TRIPOLI (Reuters) - Libya’s two state-owned airlines, which have been spending millions of dollars expanding their fleets, hope to win government approval next month to merge, the head of the carriers’ parent company told Reuters.
Libyan Airlines and Afriqiyah Airways have been in negotiations about a merger for several years but the plan has been repeatedly delayed.
“The decision will be announced by around mid-October ... Afriqiyah and Libyan Airlines will be one company,” Sabri Shadi, chairman of the Libyan African Aviation Holding Company (LAAHC), told Reuters in an interview.
He said the management of both airlines had agreed to the merger and the last remaining hurdle was approval from the Libyan government.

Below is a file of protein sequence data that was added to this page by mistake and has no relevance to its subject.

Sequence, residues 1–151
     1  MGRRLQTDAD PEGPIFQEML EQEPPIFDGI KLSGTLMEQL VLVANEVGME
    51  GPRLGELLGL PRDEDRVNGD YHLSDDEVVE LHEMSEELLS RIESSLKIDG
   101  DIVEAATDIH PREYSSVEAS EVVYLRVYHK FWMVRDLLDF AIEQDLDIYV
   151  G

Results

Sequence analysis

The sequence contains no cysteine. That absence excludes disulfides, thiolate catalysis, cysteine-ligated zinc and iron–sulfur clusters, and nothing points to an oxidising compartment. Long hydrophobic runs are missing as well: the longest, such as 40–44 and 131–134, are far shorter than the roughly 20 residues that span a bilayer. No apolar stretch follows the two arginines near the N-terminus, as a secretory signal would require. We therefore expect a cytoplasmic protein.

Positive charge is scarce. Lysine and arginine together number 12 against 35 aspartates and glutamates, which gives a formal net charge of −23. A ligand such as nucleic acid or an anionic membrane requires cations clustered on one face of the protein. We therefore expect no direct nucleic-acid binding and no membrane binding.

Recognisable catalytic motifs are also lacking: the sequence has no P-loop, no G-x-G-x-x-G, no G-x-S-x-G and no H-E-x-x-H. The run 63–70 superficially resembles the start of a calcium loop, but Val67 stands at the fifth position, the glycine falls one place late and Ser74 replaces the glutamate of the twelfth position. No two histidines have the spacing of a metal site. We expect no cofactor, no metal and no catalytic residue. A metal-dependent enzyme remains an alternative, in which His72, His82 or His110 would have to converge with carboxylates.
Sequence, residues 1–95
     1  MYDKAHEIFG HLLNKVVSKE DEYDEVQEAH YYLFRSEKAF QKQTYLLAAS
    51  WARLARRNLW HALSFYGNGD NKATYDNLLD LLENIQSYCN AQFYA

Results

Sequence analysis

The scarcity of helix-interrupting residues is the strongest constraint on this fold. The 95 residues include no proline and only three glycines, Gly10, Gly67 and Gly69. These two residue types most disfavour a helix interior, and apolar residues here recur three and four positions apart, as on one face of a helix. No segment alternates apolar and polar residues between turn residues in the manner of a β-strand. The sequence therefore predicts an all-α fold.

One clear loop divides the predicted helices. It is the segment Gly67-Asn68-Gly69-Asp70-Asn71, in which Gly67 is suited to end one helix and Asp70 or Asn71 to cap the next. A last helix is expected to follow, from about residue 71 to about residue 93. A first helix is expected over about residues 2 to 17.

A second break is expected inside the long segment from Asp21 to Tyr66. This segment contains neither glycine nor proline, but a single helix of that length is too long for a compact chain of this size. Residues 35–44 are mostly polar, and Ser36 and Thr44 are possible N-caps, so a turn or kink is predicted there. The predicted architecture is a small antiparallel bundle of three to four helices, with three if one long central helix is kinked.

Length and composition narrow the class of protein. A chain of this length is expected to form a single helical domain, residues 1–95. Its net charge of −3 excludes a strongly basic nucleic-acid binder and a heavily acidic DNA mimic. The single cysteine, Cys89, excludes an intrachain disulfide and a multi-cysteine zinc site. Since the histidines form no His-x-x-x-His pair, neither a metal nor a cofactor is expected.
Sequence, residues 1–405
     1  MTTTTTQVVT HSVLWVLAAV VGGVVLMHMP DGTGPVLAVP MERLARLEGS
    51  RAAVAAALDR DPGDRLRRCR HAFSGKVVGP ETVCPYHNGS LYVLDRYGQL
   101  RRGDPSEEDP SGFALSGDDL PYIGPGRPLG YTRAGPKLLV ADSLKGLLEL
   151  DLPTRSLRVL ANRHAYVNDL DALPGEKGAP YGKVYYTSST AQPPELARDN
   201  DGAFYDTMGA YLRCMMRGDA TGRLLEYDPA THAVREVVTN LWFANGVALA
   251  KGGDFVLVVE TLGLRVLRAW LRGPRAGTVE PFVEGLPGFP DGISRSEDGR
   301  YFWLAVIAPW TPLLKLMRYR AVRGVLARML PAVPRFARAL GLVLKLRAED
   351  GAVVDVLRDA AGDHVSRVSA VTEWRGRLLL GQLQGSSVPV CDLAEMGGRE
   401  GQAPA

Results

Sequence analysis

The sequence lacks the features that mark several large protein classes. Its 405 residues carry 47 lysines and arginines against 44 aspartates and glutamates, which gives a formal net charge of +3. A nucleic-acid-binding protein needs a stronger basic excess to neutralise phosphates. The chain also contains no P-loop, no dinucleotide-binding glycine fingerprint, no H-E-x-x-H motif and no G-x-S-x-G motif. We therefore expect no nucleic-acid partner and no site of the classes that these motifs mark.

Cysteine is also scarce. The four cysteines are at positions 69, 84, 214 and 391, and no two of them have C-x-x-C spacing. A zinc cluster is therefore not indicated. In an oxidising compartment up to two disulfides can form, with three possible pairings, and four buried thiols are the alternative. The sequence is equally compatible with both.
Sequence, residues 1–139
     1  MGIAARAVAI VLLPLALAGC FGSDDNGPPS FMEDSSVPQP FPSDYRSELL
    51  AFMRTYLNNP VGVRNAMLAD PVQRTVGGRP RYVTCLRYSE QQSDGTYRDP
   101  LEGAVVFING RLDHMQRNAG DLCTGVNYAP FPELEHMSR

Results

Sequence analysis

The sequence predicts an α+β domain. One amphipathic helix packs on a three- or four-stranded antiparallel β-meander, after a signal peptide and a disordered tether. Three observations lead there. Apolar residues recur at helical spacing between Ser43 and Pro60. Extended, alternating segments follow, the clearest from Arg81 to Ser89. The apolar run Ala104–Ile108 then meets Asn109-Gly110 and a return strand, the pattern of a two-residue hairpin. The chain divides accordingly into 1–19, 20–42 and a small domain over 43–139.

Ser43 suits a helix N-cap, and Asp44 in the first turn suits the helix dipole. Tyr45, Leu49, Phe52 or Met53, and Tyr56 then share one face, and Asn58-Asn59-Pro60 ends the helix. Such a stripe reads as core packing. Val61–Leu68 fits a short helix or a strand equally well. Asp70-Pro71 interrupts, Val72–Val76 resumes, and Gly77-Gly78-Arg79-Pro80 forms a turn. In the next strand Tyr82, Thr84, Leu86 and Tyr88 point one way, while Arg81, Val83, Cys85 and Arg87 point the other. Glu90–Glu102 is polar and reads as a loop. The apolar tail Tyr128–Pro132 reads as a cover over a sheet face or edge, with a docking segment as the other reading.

“This decision will give us a strong company, a lot of aircraft, help us provide a good service, help us train our staff and reduce costs,” Shadi said.
Both airlines — which are controlled by LAAHC but operate as separate companies — have seen rapid growth since international sanctions on Libya were lifted in 2004.
Libyan Airlines has ordered seven new Airbus A320 aircraft to add to its existing fleet. A source with the airline told Reuters the first of the jets had been delivered on Friday, and a further three were expected before the end of this year.
A nearly-new Afriqiyah Airways Airbus A330-200 flying from Johannesburg to Tripoli crashed on landing in May. The crash killed 103 passengers and crew and left only one survivor, a 9-year-old Dutch boy.
A Libyan commission of investigation, in preliminary findings obtained by Reuters, found no evidence that there had been any technical fault with the aircraft.